A little tip: you can have a pile of candies, if you're leading the seder, next to your plate. And whenever anybody asks a question, they get a candy. And then you engage the entire table, those kids and adults, in the process of asking questions and puzzling them out together.
[Rabbi Rick:] Nice.
[Rabbi Danya:] And I think in terms of bringing people together across age and across ideology, one of the things we can do is to go from what's happening in the text to what's happening in your life, and to try to mitigate the “here is the thing that is true in all times and places,” and a little more “what do you see right here that makes you say that this is how we should be thinking about this symbolism?’
And then, “when was the time when you”-- and invite people to speak from their own experience and to go into storytelling, rather than speechifying. What is heavy on your heart today? And where do you feel obligated? Where do you feel challenged? It’s a really different question than “how should the people running the government make decisions,” which I have strong opinions about. I imagine lots of people do. But if we can make a space where we're actually genuinely curious to hear one another and hear people talk about their own experiences, I think it cuts down a lot of the potential for tension.
[Rabbi Rick:] Great. Can I just ask the question a lot of us struggle with, which is how much ritual creativity? I remember looking last year at ours. We had a seder plate that looked like a vegetable stand. You know, we had besides all the traditional things, we had our-- of course, we had our orange. We had tomato. We had a pineapple. We had a banana, all for very symbolic and important reasons. You know, and there was a little narrative about all of them.
But I remember people coming in last year and just looking at my table and going, “Rick, oh my goodness.” You're like, “Within reason!” So, is there some guideline that you try to strike between the traditional words and all of the beauty that's built right into this very ancient and very ever-present, evolving ritual? What's your rule of thumb about how much ritual creativity and how much “just leave it the way it is”? It's got plenty of meaning just the way it was written.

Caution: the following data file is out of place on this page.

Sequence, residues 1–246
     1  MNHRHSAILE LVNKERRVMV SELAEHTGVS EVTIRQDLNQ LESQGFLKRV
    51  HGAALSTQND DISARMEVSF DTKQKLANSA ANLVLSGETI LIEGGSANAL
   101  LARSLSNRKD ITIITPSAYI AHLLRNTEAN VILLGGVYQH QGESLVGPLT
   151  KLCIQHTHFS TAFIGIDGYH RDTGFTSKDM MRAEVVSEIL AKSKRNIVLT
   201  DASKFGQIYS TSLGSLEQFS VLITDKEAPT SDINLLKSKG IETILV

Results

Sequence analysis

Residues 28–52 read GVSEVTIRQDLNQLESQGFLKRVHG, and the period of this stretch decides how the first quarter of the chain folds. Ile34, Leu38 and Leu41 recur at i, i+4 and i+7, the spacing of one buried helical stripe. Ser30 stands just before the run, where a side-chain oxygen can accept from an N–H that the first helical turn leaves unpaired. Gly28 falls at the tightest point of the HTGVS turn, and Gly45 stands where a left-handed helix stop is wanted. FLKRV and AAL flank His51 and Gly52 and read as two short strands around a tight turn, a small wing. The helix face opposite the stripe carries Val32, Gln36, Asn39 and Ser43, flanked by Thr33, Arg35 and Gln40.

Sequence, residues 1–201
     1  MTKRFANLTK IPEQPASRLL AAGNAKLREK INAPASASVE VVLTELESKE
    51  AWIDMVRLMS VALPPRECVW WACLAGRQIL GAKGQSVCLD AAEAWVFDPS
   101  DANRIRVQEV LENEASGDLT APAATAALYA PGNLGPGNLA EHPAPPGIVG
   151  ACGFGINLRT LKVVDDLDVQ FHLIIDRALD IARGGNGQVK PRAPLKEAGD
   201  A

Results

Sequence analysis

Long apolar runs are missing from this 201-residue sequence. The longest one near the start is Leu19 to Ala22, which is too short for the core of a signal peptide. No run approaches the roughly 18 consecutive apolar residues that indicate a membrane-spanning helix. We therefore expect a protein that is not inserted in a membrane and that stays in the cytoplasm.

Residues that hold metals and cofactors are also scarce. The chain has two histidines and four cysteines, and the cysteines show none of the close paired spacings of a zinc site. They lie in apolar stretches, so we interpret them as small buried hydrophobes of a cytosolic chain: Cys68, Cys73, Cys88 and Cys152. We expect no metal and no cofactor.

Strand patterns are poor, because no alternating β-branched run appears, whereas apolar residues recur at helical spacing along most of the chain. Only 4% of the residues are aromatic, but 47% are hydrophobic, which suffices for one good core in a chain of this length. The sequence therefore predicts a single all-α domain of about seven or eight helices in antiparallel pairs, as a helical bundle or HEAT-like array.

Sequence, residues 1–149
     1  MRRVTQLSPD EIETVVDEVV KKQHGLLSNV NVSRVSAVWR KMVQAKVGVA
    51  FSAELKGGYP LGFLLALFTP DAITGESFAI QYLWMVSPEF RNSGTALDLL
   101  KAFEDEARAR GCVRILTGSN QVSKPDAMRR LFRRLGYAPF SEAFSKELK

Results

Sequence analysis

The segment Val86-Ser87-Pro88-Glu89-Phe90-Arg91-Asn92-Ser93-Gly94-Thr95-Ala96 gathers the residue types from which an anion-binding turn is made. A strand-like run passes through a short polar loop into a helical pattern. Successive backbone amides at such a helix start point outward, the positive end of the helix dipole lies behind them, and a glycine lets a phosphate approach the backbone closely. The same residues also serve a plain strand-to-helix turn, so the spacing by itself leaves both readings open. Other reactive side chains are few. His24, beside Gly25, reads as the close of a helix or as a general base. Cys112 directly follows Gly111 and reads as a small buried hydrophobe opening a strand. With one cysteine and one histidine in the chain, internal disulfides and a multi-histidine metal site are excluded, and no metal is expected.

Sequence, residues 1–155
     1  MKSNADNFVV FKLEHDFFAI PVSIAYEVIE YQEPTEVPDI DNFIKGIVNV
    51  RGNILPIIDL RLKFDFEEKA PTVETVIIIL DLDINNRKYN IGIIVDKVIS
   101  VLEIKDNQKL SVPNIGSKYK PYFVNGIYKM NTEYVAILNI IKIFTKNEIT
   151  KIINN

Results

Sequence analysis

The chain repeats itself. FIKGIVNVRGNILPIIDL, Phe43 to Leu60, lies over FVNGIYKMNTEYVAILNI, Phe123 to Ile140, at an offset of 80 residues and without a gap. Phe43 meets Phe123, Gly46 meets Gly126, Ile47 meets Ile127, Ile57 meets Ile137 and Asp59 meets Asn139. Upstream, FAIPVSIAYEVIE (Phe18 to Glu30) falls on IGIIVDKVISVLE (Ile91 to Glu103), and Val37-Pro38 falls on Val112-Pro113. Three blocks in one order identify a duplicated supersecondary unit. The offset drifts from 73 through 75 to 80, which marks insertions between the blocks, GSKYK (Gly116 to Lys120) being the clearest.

[Rabbi Danya:] I mean, there are two ways I can answer this question. One is personally, and one is as a rabbi. Personally, I tend to be pretty traditional. I don't add a lot. You know, I stay pretty close to the thing. Maybe we'll do a Miriam's cup. Maybe not, because that's what works for me and my family.
But every generation receives the Torah anew. And if we are not engaging thoughtfully with the Judaism that we have been handed and saying, how do I make this alive so that it feels like it is touching me in a place that is deep and important, and that it is reaching out to the world outside and engaging with the world? And if you're not doing that, then you're not actively participating in Judaism. You're not actively owning it.
So, what that looks like for different people is going to feel very different. Some people may focus their seder on-- I know somebody who is working on a queer liberation Haggadah. That conversation and that look and what's happening ritually is going to be very different from somebody who is looking to HIAS, for example, and then really wants to have the frame of we were strangers in Egypt be the central frame of the conversation and orient everything and orient the symbolism. Or someone else, who's going to say this piece of this thing is important to me, and this piece of this other thing is important to me. And how I'm going to feel whole is if we have all of these things.
I think what's important is for people to educate themselves, that there's so many resources out there, and so many supplements, and so many new ways that people have thought to bring this ritual into now.
And to do some thinking about what experience feels like wholeness to you, and what experience is going to feel like wholeness to the other people at the table, because as you mentioned earlier, not everybody is coming from the same place necessarily at the seder. And so, what can you, if you are the one holding that ritual space, what can you craft that's going to invite everybody in and is going to make everyone feel like it's their seders, too?